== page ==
How do you get others talking about you online?
Having a presence in social media is starting to become the standard for companies. Creating a Twitter account for your organization won’t get you the same bonus points it did just a year ago.
Now consumers are focused on the companies that not only are able to use the tools but also understand the power behind them. Being a social brand is not necessarily measured by your follower numbers. Social brands are driven by personality and connect with their networks on a more meaningful level.
When I think of social brands I think of brands you would not just recommend but actually go out of your way to endorse. I love recommending local restaurants that are active on social networks. They manage to stay at the top of my mind. I like talking about them because I know that someone who works there is reading what I’m saying and cares.
I’m betting a lot of my Columbus friends follow @jenisicecreams on Twitter – a great example of a social brand. They share pictures that others tweet of their ice cream, they respond when you both talk to them or about them. They have fun and sometimes randomly tweet “scoop scoop” just because they can. They not only engage but also have their own persona online.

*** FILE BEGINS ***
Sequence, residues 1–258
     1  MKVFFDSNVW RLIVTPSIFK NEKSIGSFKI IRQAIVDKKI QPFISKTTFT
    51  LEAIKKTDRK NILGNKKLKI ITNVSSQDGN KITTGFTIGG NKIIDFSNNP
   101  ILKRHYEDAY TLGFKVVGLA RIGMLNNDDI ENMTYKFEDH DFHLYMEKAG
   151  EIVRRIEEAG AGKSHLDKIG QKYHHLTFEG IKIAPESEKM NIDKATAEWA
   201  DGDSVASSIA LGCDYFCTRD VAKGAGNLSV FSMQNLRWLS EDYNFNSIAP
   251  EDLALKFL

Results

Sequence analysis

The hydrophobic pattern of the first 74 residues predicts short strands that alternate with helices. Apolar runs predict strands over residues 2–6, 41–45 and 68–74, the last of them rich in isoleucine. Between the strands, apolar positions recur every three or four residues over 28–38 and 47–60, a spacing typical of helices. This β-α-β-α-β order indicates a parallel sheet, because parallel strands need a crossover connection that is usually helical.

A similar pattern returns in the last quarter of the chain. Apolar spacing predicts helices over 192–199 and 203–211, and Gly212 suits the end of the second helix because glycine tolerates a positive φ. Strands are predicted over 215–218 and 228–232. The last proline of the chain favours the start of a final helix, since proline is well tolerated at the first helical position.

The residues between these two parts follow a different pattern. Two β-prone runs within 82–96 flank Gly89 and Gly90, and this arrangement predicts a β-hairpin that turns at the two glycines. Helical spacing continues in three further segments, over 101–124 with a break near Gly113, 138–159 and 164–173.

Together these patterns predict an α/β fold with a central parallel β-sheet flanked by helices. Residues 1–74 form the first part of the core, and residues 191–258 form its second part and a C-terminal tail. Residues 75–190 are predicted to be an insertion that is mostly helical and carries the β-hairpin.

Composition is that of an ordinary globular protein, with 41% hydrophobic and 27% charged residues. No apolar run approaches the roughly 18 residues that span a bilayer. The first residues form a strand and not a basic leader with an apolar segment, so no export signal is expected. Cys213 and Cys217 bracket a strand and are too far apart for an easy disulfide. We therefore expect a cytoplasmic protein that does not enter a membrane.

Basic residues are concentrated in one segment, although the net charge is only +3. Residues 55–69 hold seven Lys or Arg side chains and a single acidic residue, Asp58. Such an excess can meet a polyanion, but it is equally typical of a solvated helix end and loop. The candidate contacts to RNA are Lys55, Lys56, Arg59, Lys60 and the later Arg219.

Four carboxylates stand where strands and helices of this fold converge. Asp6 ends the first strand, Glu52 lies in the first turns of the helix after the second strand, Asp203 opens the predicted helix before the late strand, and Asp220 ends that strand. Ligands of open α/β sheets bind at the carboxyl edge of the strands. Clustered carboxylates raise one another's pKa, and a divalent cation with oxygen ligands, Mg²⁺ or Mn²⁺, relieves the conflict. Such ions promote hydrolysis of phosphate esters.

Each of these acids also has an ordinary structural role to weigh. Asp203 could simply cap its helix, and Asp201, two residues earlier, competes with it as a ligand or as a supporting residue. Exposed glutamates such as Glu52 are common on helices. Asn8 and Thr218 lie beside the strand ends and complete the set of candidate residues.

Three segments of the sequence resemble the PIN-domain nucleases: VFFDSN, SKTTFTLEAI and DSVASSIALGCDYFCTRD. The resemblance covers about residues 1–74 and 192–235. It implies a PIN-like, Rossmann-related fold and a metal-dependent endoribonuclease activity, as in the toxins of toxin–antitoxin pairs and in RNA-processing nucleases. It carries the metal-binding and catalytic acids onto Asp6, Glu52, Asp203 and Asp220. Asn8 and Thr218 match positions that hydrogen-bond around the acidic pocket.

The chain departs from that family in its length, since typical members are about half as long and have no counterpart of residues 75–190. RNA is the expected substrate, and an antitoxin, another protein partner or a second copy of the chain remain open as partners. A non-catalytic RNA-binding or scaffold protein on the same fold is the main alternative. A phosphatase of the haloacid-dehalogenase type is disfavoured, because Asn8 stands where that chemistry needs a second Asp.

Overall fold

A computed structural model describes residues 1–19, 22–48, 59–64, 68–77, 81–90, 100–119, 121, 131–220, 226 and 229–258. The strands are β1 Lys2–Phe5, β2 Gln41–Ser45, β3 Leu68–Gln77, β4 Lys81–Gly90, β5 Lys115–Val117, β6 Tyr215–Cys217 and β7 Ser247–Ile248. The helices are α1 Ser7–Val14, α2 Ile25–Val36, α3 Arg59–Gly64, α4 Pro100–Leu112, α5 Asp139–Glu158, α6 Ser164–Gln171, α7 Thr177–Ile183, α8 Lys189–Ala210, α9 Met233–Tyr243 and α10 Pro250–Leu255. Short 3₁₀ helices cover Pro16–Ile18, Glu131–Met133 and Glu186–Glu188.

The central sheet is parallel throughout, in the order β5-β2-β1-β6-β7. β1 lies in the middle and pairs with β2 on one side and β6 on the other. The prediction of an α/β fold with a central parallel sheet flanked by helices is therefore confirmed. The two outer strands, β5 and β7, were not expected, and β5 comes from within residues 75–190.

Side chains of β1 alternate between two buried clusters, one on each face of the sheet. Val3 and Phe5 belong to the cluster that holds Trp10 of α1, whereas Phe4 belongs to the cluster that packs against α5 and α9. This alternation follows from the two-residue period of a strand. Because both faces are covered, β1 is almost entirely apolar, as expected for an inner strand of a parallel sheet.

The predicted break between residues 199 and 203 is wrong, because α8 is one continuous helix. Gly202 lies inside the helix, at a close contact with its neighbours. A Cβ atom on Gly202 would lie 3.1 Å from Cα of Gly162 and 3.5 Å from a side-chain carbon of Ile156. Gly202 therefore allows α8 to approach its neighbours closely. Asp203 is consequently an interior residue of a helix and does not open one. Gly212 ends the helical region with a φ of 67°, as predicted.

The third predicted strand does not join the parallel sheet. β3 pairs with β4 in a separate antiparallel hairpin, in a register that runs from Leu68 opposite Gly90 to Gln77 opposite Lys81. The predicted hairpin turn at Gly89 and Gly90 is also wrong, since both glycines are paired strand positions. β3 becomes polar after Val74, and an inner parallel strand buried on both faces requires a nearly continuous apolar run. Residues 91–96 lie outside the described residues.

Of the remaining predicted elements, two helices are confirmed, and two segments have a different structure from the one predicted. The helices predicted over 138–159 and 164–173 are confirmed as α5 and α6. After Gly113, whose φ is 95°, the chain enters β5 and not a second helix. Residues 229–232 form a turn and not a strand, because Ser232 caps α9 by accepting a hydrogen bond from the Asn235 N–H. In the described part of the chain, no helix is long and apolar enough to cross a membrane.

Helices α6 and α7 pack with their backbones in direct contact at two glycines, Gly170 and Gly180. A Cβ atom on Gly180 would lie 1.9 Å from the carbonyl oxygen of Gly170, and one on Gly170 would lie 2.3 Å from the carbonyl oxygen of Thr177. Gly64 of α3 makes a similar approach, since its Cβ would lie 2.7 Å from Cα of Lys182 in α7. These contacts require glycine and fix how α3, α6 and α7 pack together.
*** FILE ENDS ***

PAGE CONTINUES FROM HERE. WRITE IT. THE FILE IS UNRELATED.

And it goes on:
I crave authenticity and originality from my brands and companies now. Running a contest where you have to retweet a message to win has been done many times. Brands that are thinking creatively stand out now. How can companies incorporate geolocation and mobile technology into a campaign?
My point is, just showing up isn’t enough anymore. What will you do to stand out?
2 thoughts on “Becoming a Social Brand”
Thanks for the mention, Hannah.
When we [scoop] on Twitter, it’s about two things:
(1) During the summer, we’re scooping all the time — 11 to 11, 7 days a week — and it’s a reminder of that
(2) Is there a better ice-cream making song that “Shoop”? Last year, we used to tweet the whole chorus, substituting ‘scoop’ for ‘shoop,’ but we didn’t want it to get old, so now we just allude to it truncatedly (and sometimes folks who remember tweet the rest back).
Mostly, we’re just having fun, though, keeping ourselves amused. And giving love back to those who’ve given it to us.
I know that you wrote this a while back, but I still believe your point is true today…”Showing up isn’t enough.” Thanks for the reminder.
Businesses, take note!